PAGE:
What does “sustainability” mean to you? Well, it means the world to us.
Clean the World is honored to have been selected as the winner of the 2011 Sustainable Florida Best Practices Award in the Leadership category. The awards are presented annually by The Collins Center for Public Policy, a prestigious non-profit think tank based in Tallahassee, Fla.
The 2011 Sustainable Florida Best Practices Award recognizes Clean the World’s emergence as the worldwide leader and industry standard for soap and amenities recycling in the hospitality industry, and the launch of a “global hygiene revolution” centered on recycling soap to save lives. The award also looks ahead to Clean the World’s future development of new, sustainable and socially responsible programs and services for the global hospitality community.
Shawn Seipler, co-founder and executive director at Clean the World, accepted the award at a June 2 ceremony hosted by The Plaza Resort & Spa in Daytona Beach, one of Clean the World’s 160 hospitality partners in Florida among a network of more than 1,000 hospitality partners throughout North America. Partners include some of the biggest names in the hospitality industry: Starwood Hotels and Resorts, The Walt Disney World Resorts, Caesars Entertainment, Mandarin Oriental, Gilchrist & Soames, Marietta Corporation and many individual hotel flags and brands, including Marriott, Hyatt, Hilton, IHG and Joie de Vivre Hotels.
“This is not an individual award, but one that is shared by every employee, every volunteer, every hospitality partner and every person who has ever contributed or received soaps and hygiene supplies from Clean the World,” says Shawn Seipler, co-founder and executive director of Clean the World. “We could not do this without you, and we are truly blessed and privileged to have received such support for our efforts to recycle soap and save lives.”
Clean the World took home the honor in the face of stiff competition because of its creativity in identifying an environmentally friendly opportunity that would help improve overall sustainability in the hospitality industry and beyond. Some other winners of 2011 Sustainable Florida Best Practice awards include Universal Orlando, Baptist Health South Florida, the City of Tallahassee, and Miami Corporation.
Sustainability goes beyond simple recycling of products or an isolated promotion of so-called “green” initiatives by companies, organizations and municipalities. Sustainability also includes the promise of attracting “green” jobs to Florida and the development of an economically viable industry, such as soap and hotel amenities recycling, that could generate revenues for Florida, federal and global businesses. On this score, Clean the World has proven itself a winner.
“Two years ago, there was no market for recycled soap,” Seipler says. “When [co-founder and managing director] Paul Till and I started this organization no one had ever done this before on such a grand scale. Now, more than 1,000 hotel partners have helped pioneer our success, and we’ve created more than 30 jobs in Florida and at least 12 more in other states and Canadian provinces. Our business model is sustainable, and the market reaction to our services has been enthusiastic. We’re looking forward to managing our growth in the immediate future and to the development of an array of sustainable, socially responsible solutions to maximize our efforts in the hospitality industry and accomplish the most good.”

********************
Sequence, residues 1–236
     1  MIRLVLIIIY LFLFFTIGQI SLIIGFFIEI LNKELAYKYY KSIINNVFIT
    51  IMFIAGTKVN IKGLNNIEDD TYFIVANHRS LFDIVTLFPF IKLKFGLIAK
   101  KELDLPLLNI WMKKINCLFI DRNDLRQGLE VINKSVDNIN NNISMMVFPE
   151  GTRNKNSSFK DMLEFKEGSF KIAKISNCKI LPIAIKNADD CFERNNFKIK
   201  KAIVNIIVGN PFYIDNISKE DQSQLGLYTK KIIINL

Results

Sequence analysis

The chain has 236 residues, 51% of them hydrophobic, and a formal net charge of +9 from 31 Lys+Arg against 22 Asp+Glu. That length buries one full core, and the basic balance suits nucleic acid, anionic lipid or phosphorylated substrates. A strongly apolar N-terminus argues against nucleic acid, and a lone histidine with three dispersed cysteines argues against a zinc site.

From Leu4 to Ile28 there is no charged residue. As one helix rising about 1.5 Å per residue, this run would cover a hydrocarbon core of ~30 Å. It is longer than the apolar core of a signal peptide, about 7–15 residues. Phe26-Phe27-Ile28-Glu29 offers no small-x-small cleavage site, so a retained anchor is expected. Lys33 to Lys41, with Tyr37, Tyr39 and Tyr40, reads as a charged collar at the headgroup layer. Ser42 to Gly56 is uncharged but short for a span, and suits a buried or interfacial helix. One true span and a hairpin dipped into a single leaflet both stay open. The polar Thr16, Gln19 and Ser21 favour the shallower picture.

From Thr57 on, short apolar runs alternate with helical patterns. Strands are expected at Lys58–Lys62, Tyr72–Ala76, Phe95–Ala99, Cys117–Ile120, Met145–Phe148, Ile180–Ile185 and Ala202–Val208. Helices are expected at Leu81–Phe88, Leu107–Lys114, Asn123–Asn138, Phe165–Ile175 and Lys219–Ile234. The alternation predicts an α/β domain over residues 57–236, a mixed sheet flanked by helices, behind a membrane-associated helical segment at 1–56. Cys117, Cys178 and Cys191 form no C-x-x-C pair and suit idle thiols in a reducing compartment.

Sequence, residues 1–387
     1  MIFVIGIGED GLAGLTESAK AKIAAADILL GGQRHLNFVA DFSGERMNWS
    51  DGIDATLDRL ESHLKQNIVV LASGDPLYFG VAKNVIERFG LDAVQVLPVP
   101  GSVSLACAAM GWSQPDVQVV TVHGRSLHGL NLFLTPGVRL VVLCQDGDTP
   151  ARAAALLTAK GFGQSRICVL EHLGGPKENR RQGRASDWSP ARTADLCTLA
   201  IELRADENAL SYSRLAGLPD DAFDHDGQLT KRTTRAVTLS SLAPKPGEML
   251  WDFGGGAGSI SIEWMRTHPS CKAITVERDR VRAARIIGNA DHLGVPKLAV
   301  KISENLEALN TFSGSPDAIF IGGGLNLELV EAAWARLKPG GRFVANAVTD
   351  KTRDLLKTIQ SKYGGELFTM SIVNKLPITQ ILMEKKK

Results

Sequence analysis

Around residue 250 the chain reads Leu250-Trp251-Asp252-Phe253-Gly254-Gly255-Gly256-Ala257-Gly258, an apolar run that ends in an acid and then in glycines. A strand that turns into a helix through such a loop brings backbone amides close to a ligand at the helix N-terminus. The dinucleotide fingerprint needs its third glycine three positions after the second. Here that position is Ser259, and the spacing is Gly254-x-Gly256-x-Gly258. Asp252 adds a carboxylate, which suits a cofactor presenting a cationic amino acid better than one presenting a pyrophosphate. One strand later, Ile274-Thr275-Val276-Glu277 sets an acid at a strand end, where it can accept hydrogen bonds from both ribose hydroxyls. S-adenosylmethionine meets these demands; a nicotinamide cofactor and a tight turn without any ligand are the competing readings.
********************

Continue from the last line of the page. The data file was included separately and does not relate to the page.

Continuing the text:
And speaking of sustainability, there’s also the impact Clean the World is having on local landfills. Because of the success of its hotel amenities recycling program, Clean the World has also fulfilled a valuable environmental mission by diverting an estimated 550 tons of hotel waste from polluting landfills in the United States and Canada.
Perhaps what impressed judges most about Clean the World was the simplicity of the eco-friendly idea to collect, recycle and distribute hotel soaps, shampoos, conditioners, lotions and gels to help stop the spread of disease worldwide. In just two years of operation, Clean the World has distributed more than 8 million bars of soap to children and families in the United States and more than 40 countries.
The soaps and education about proper hand washing are used to battle the top two killers of children younger than 5 years old – acute respiratory infection (pneumonia) and diarrheal diseases (cholera). These two diseases claim 3.5 million lives each year, especially in developing nations where soap is considered a luxury, not a necessity. Research shows that more than 60 percent of these deaths can be prevented by simple, regular hand washing with bar soap.
“It’s humbling and amazing to think that Clean the World has grown in just two years from experimenting with soap recycling in my kitchen at home to having recycling centers in Orlando, Las Vegas, Vancouver and Toronto,” Seipler says. “Leadership plays a part, but so do the tireless efforts of all who have touched this organization, in practice and in prayer, to help support our mission to save lives. This is a global hygiene revolution that we are leading, and it starts right here in Florida. It’s a big world out there. We’re just getting started.”